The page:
Suffolk food review: Red Lion, Cheveley
- Credit: Simon Weir/Archant
Valentines Day is on a Sunday, but on the Saturday night I decide I should treat my girlfriend to a meal – and while we can’t actually go out, one of the local pubs has a good-looking menu. As I think it’s important to support our locals as they struggle through the pandemic, this seems like two birds with one stone.
We’d actually looked at several pubs nearby: one in the area was offering a very limited two-course menu with a bottle of prosecco for £75, which seemed pretty steep to me. Instead we opted to order from The Red Lion in Cheveley as it offered a decent three-course menu.
As ever, part of the challenge in these Covid times isn’t just how the pub translates restaurant food into a takeaway format but also how it handles sending it out. The Red Lion allocated time slots for collection, with a one-way system through the pub: in at the car park, out through the front door; with sanitizer by the door and on every table inside. I arrived on time but still had to wait inside for 15mins for the food, which came with the puddings in a separate bag to the main courses, which I popped into a cool bag to keep warm on the drive home.
As I start unpacking everything in the kitchen at home, I’m impressed by the system of boxes: everything is labelled both with the customer name and the contents. Much better than the open-the-lid-and-guess game you get from some places.
I’ve gone for the Salt & Chilli Battered Squid (£7) which comes with some salad leaves and tomatoes, plus a pot of sweet chilli sauce. The salad’s a little sad, neither dressed or noticeably seasoned, but the squid is excellent and has survived its confinement in a box for transit really well. It’s still satisfyingly crunchy on the outside but tender on the inside, and not rubbery.
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Ali has plumped for the Classic Tiger Prawn and Avocado Cocktail (£7.50) which comes with more leaves, but there are only four prawns and a few slices of avocado. There’s a generous amount of sauce to dress it all. “But it lacks bite and seasoning, so it’s more like pink mayonnaise,” says Ali. A few drops of Tabasco and a turn or two of salt would make all the difference.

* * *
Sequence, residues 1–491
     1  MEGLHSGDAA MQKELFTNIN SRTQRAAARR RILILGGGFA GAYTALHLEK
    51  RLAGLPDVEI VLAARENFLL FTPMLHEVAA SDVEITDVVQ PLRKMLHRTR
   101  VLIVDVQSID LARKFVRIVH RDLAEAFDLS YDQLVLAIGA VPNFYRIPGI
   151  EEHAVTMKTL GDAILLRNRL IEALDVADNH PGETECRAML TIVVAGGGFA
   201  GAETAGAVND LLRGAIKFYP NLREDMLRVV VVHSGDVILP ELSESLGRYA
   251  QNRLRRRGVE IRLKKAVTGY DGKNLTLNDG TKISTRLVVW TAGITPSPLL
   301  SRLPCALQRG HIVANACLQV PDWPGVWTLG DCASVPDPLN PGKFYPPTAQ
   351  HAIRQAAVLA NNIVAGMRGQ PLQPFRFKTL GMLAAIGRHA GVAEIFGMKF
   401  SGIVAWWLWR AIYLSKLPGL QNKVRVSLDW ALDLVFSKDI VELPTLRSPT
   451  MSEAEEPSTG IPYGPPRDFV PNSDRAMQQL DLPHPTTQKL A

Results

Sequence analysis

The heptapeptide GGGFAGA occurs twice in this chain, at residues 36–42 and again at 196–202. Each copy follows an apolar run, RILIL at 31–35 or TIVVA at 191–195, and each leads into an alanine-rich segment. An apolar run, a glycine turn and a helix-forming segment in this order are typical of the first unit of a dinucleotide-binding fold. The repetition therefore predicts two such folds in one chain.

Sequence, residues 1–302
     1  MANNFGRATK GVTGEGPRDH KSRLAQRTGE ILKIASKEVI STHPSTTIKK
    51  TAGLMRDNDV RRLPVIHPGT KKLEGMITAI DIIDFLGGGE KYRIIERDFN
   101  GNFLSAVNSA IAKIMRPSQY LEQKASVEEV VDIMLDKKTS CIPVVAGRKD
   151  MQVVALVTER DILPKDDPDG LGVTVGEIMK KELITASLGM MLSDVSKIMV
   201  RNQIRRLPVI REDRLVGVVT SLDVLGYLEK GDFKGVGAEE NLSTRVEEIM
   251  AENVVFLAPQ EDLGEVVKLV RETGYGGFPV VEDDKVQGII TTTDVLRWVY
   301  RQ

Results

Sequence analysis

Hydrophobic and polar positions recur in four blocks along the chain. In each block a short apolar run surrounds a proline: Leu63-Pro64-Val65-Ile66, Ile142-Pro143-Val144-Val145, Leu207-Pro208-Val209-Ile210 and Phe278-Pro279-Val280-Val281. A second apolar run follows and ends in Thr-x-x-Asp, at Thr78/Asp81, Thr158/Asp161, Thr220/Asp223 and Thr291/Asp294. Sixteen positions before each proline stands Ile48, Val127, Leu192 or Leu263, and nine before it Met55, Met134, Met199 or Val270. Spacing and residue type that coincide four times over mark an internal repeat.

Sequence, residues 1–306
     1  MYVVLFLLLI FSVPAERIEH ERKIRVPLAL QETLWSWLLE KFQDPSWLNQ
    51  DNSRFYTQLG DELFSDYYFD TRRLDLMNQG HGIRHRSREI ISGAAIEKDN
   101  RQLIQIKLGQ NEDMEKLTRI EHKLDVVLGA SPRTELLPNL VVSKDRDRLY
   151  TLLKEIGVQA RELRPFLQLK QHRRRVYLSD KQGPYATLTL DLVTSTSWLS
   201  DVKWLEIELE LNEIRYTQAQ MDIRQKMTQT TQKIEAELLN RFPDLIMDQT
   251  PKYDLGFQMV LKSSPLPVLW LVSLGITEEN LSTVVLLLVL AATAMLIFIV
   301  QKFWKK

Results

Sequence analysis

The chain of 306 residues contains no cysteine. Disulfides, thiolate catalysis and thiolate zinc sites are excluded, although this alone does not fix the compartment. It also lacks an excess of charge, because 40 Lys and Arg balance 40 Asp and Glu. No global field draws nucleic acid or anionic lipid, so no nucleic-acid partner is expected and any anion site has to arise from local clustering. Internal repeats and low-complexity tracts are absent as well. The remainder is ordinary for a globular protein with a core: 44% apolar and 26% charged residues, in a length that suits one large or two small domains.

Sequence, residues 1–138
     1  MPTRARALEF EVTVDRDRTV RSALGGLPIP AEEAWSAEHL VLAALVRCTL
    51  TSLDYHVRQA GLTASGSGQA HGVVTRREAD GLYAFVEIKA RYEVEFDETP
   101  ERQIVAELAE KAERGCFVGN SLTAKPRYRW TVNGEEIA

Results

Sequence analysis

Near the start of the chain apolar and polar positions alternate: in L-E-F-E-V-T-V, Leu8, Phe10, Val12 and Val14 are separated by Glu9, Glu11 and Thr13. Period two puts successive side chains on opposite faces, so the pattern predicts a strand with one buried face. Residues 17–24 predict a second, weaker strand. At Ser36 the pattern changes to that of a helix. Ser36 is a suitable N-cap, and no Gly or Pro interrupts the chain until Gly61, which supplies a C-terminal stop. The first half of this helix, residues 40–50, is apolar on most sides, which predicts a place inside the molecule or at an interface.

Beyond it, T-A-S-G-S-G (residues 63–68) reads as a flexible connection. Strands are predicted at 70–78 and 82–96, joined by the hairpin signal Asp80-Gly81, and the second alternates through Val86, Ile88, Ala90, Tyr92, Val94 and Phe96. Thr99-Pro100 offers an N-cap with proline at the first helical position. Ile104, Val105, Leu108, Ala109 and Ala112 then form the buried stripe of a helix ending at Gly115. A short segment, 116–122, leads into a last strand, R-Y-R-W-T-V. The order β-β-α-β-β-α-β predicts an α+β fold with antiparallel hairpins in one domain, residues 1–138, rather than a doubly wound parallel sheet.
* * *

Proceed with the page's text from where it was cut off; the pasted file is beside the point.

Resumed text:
I’ve gone for the expensive meat-eater’s main course: the Beef Wellington served with Saute Potatoes & Vegetables (£25) and I am hugely impressed by it. The Wellington is enormous, with a lovely golden lattice of pastry inside which there’s the finest of pancakes and a rich mushroom duxelles surrounding a truly gigantic lump of tasty, well-cooked meat. The menu also offered a Cote de Boef for two to share (not practical for us as Ali’s pescatarian) but if I was having a crack at Beef Wellington at home, I’d produce this much for two – there must be 400g of beef here, at the very least.
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The accompaniments are good as well: a rich cauliflower cheese, tender asparagus, peas and excellent saute potatoes. It has come with gravy, though I opted to add the stilton sauce (£3) though it’s not as cheesy as I’d like – and it’s quite a small pot for such a gigantic portion. Even so, it’s a very good main course.
Sadly, all the energy in the kitchen seems to have gone into the Wellington, as Ali’s main of Cod & King Prawn Fishcakes with a Roasted Pepper and Tomato Salsa, Salad and Fries (£12.50) is disappointing. I think the fishcakes are a great idea – a fish dish that can be transported easily without flaking apart – and the crumbed exterior is fabulously crisp, but the filling isn’t inspiring and there’s no real flavour of prawn.
The salsa doesn’t have much in the way of pepper flavour – the colour suggests they might be in there, but the texture and taste is more of cooked-down tomatoes. “If you made that at home, you’d be disappointed,” says Ali. The chips haven’t transported so well (you know they’d be much better crisp and fresh from the kitchen than slightly soggy from the takeaway container) and the salad is… missing. So I share my asparagus and peas.
Fortunately, as I can never resist them, we’d gone for the onion rings (£3) as an extra side and they build up Ali’s meal. “The batter is excellent,” she says – rich and crunchy.
Pudding definitely raises the game. Ali has the Chef’s Homemade Chocolate & Raspberry Torte (£6.50), which is a generously deep 4in pasty case packed with raspberries and a rich chocolate ganache, supplied with a small pot of pouring cream. It’s delicious: rich but not oversweet, the chocolate slightly bitter and very grown up. It’s also deceptively huge… a really generous portion.
I’ve inevitably gone for the Sticky Toffee Pudding, Toffee Sauce & Cream (£6.50) and, frankly, I think I’ve won on the pudding front as well. The pudding itself is just on the right side of stodgy, while the sauce is superbly sticky and sweet, rich with caramel without being sickly. Delicious.
Overall, though, it’s a very up-and-down meal. The Wellington was a huge highlight, closely followed by the puddings, but the starters were underwhelming and the fishcake definitely missed the mark. Which I wouldn’t mind so much, but it was an expensive meal: £71 in all. I suspect the dining-in experience would be much better, but for the money I don’t think this takeaway really delivered.